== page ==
Yet Corbett has reduced corporate taxes and resisted taxing companies benefitting from the state’s natural gas extraction boom -– revenue sources that could help K-through-college funding and services for the needy.
Corbett, for example, recently eliminated the General Assistance program that provided 70,000 residents with $205-per-month payments to save $150-million in Welfare Department expenditures.
Defending his eliminating of welfare aid to some of the state’s poorest and sickest residents, Corbett said in a recent interview that “we have limited income…When income isn’t meeting, demand, you’re going to have to reduce spending somewhere.”
Corbett, while pulling the safety net from under Pennsylvania’s most vulnerable in the name of fiscal responsibility, is prepared to irresponsibly spend over $11-million for operational costs to implement the Voter ID law.
That $11-million does not include other required costs like advertising to alert residents of the new restrictions on voting.
Also, that $11-million does not include the costs of defending the suspect Voter ID law in court. A state Commonwealth Court judge is expected to rule on the legality of this law by mid-August, and appeals to the state’s Supreme Court, and possibly to the Federal Court, are certain.
The argument from Voter ID advocates that this requirement is similar to requiring photo ID to fly on an airplane or enter a government building is an “apples-to-oranges comparison” said State Senator Vincent Hughes. “Voting is a constitutional right. Gaining access to a building is a privilege.”
Pennsylvania is one of nine states — all with Republican-run legislatures and Republican governors — that currently have restrictive voting measures in effect. In other voter-suppression-law states like South Carolina, Texas and Wisconsin, restrictive measures are currently suspended due to legal challenges.
“It’s no secret that these Voter ID laws are to disenfranchise certain people…people who tend to vote Democratic,” said Congresswoman Gwen Moore from Milwaukee, Wisconsin. “The right to vote does not exclude persons with no ID.”
Two of the nine states with ID restrictions in place – Florida and Ohio – faced criticism during the 2000 and 2004 presidential elections respectively, because Republican officials had implementing voter suppression schemes that aided GOP candidates by disenfranchising registered Democratic voters.
Former U.S. President George W. Bush, for example, famously secured the White House in 2000 by supposedly winning Florida by 537 votes. Bush’s brother, then Florida Gov Jeb Bush, initiated a voter roll purge that stripped voting rights from nearly 50,000 residents by falsely claiming they were convicted felons ineligible to vote in the Sunshine State. (Subsequent forensic studies have shown that had all votes been counted instead of having the courts halt that process in mid-stream, Bush would have lost the state, and the presidential election, by tens of thousands of votes.)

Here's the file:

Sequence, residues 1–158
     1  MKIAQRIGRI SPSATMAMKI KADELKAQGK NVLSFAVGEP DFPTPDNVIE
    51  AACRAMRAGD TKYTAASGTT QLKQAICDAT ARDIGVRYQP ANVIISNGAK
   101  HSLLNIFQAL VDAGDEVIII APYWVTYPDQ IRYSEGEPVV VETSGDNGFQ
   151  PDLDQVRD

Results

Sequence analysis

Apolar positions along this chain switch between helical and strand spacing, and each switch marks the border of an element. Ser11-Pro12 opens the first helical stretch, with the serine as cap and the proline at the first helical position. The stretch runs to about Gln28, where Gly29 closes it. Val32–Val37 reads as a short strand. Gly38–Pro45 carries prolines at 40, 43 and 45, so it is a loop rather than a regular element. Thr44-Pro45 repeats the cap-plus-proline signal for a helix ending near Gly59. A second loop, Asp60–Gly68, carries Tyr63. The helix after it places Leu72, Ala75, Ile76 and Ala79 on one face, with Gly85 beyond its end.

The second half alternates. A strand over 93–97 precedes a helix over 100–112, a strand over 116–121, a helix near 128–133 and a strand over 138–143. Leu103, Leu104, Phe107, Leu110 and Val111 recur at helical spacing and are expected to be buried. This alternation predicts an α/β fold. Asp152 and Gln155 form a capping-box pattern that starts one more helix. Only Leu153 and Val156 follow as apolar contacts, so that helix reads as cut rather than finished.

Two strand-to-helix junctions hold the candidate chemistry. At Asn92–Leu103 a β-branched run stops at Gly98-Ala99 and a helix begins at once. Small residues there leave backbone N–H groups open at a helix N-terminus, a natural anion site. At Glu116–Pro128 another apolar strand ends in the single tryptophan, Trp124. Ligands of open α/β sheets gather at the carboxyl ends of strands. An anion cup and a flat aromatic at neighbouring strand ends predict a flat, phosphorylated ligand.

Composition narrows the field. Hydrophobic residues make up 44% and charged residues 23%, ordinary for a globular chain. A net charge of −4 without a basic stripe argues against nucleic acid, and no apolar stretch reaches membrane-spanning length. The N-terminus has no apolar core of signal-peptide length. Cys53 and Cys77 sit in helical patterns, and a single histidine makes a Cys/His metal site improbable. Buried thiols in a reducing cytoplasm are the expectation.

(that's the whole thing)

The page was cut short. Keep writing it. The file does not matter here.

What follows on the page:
Before 2011, only two states “had ever imposed strict voter ID requirements,” stated a report from the Brennan Center for Justice. Restrictions catalogued by the Brennan Center include limiting early voting and limits on voter registration efforts.
Voter ID is one of many voting restrictions popping up around the United States, the country that ironically expends billions of dollars, allegedly to install democracy abroad, including waging resource- draining wars.
Meanwhile, Governor Corbett’s stated concerns about protecting integrity in voting through the Voter ID law apparently do not apply to his own political campaigns. Corbett, for example, is receiving increasing scrutiny for allegedly stalling the Attorney
General Office’s investigation of now convicted Penn State University child molester Jerry Sandusky while Corbett, as A.G., was campaigning for governor.
Corbett received over $200,000 in campaign contributions from board members of Sandusky’s Second Mile Foundation for his gubernatorial race, despite the fact that his AG Office was then investigating Sandusky.
Further, as the state’s latest governor, Corbett approved a $3-million grant to Sandusky’s Second Mile Foundation, putting that grant on hold only after the AG’s Office formally filed sex abuse charges against Sandusky. The evidence of Sandusky’s abuses by that point was of course already in the hands of the A.G.’s investigators.
Corbett spokesmen have defended the governor’s refusal to return the Sandusky-related campaign contributions and the stata grant to the Second Mile organization, saying Corbett didn’t want to give public indications about the then pending Sandusky investigation – a contention critics’ call specious.